Postgraduate Course: Bone Manufacturing - Animal Raw Materials (PGHC11133)
|School||School of History, Classics and Archaeology
||College||College of Humanities and Social Science
|Credit level (Normal year taken)||SCQF Level 11 (Postgraduate)
||Availability||Available to all students
|Summary||The course forms a compulsory part of the MSc in Osteoarchaeology and sits with Human-Animal interactions and the animal bone aspects of the Bone Identification and Anatomy course to provide a rounded knowledge of animals and their importance in archaeological communities.
Even archaeologists with limited interest in zooarchaeology often encounter artefacts made from bone. Accurately identifying the raw material of these objects is indispensable in assessing their origins and possible value. For example, objects made from cattle bone, elephant or walrus ivory would embody radically different meanings. Studying the work invested in creating these artefacts, as well as the attempted reconstruction of their function, contributes valuable information on ancient lifeways in any archaeological period.
Entry Requirements (not applicable to Visiting Students)
||Other requirements|| All students taking this course must attend the Health & Safety Awareness training session at the start of the semester. If this course is not on your Degree Programme Table you must seek the permission of the course organiser before being enrolled in this course.
Information for Visiting Students
|High Demand Course?
Course Delivery Information
|Not being delivered|
On completion of this course, the student will be able to:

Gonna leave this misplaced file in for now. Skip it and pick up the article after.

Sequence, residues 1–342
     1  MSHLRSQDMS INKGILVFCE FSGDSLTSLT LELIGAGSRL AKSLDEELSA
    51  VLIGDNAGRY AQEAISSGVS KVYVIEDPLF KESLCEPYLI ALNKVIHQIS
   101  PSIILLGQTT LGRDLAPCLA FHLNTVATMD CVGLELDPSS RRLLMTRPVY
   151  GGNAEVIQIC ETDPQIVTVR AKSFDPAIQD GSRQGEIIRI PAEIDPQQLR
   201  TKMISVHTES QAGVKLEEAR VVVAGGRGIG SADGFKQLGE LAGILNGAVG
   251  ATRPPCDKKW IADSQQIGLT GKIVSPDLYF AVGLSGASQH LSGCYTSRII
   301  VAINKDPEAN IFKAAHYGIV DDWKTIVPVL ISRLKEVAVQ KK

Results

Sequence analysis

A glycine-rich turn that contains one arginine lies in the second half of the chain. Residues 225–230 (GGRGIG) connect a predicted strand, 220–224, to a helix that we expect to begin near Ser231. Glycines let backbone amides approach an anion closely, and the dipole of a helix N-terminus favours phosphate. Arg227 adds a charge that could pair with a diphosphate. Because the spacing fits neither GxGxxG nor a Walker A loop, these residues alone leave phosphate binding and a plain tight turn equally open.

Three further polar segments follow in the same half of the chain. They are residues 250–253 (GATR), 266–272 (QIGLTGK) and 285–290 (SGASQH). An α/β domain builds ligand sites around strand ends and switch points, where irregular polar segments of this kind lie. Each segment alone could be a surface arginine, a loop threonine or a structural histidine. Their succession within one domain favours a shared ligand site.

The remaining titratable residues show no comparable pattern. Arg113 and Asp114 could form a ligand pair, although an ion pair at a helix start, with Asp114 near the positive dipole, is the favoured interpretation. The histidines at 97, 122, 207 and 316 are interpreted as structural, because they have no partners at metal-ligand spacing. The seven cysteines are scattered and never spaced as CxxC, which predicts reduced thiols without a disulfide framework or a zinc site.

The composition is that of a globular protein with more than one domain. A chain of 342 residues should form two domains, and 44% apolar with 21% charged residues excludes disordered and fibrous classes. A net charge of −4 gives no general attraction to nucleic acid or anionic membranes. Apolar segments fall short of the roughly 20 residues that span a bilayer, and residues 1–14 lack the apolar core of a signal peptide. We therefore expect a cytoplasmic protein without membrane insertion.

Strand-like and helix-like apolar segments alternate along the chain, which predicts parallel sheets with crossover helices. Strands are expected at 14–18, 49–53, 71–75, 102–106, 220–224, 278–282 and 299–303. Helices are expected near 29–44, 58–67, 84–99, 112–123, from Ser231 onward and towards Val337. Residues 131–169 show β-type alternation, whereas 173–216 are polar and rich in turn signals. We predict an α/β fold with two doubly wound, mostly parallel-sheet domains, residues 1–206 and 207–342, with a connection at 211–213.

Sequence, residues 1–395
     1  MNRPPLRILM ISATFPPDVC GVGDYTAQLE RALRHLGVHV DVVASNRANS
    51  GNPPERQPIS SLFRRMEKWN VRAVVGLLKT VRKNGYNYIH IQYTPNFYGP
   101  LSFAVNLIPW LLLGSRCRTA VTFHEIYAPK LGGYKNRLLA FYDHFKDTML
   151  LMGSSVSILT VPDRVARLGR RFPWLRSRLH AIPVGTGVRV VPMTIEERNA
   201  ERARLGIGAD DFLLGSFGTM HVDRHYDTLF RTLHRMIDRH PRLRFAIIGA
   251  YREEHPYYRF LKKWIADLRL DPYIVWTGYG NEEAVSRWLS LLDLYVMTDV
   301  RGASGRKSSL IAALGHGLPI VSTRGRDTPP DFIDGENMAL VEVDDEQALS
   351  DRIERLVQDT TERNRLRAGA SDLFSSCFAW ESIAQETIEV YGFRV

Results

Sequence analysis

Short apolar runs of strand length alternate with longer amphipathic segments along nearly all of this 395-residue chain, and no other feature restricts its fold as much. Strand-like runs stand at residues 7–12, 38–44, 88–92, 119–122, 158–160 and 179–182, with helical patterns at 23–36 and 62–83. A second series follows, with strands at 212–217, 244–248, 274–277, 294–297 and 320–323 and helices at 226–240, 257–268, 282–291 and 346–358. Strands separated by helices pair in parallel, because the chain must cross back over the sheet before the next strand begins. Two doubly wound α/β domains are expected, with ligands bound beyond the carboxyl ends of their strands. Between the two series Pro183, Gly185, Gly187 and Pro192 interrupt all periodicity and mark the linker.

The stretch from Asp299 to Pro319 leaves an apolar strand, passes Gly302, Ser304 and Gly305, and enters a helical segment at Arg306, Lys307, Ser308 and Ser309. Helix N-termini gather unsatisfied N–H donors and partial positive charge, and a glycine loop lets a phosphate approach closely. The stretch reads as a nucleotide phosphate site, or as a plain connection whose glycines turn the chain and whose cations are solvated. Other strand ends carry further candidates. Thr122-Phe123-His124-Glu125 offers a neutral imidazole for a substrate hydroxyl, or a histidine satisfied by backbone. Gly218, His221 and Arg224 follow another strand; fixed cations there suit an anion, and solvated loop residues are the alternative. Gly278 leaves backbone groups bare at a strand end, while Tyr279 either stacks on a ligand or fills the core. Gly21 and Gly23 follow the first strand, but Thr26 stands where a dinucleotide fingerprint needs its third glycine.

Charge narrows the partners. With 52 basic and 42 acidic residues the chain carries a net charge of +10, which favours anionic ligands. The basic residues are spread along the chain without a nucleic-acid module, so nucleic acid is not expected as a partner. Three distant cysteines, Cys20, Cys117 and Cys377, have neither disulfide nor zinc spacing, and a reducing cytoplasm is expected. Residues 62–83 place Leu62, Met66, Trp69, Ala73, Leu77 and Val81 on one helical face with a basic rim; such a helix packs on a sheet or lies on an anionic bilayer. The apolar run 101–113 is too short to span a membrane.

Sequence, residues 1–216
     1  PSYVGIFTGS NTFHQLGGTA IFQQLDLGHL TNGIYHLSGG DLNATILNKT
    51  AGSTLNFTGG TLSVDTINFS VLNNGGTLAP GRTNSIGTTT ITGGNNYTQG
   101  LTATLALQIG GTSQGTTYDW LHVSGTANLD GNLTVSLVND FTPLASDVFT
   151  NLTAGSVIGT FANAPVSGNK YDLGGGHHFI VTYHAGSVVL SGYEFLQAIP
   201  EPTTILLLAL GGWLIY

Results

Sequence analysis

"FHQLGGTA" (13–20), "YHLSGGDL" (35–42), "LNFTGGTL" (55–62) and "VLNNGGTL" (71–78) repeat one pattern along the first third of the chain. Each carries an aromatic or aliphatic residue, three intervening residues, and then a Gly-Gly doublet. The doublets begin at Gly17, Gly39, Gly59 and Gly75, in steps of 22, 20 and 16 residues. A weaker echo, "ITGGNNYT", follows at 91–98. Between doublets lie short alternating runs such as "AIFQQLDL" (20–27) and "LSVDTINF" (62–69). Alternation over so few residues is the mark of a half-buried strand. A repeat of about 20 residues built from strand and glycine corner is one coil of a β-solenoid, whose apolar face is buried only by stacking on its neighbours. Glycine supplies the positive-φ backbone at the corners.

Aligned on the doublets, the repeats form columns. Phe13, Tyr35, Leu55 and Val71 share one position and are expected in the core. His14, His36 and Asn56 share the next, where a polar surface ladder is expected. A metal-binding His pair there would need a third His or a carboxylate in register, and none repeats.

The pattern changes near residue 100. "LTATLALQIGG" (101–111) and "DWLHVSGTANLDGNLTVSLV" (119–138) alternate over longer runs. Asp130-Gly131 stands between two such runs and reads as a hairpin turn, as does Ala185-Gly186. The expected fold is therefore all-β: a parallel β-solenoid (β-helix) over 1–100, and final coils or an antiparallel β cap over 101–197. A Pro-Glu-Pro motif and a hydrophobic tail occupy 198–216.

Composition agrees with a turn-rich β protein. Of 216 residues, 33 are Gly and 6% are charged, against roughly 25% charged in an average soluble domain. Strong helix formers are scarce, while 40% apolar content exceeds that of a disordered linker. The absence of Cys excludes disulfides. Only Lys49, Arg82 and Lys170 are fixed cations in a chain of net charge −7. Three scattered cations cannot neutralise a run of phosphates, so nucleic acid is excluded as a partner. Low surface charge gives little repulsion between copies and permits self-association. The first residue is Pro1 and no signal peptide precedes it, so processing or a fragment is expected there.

- An ability to identify and interpret animal remains used in manufacturing
- An understanding of the implications of this information for raw material procurement and trading
- An understanding of relationships between anatomical and typological classifications
- An ability to understand the identification of manufacturing marks and use wear as related to tool function
- An ability to integrate bone manufacturing information within a broader archaeological/cultural context
|Choyke, A. M. and L. Bartosiewicz eds. 2001. Crafting Bone ¿ Skeletal Technologies through Time and Space. Oxford, British Archaeological Reports, International Series 937.|
Luik, H., A. M. Choyke, C. E. Batey and L. Lougas eds.: From hooves to horns, from mollusc to mammoth. Tallin, Muinasaja Teadus 15
MacGregor, A. 1985. Bone, antler, ivory & horn. The technology of skeletal materials since the Roman Period. London and Sydney, Croom Helm.
|Graduate Attributes and Skills
|Course organiser||Dr Kathleen Mcsweeney
Tel: (0131 6)50 2373
|Course secretary||Mr Gordon Littlejohn
Tel: (0131 6)50 3782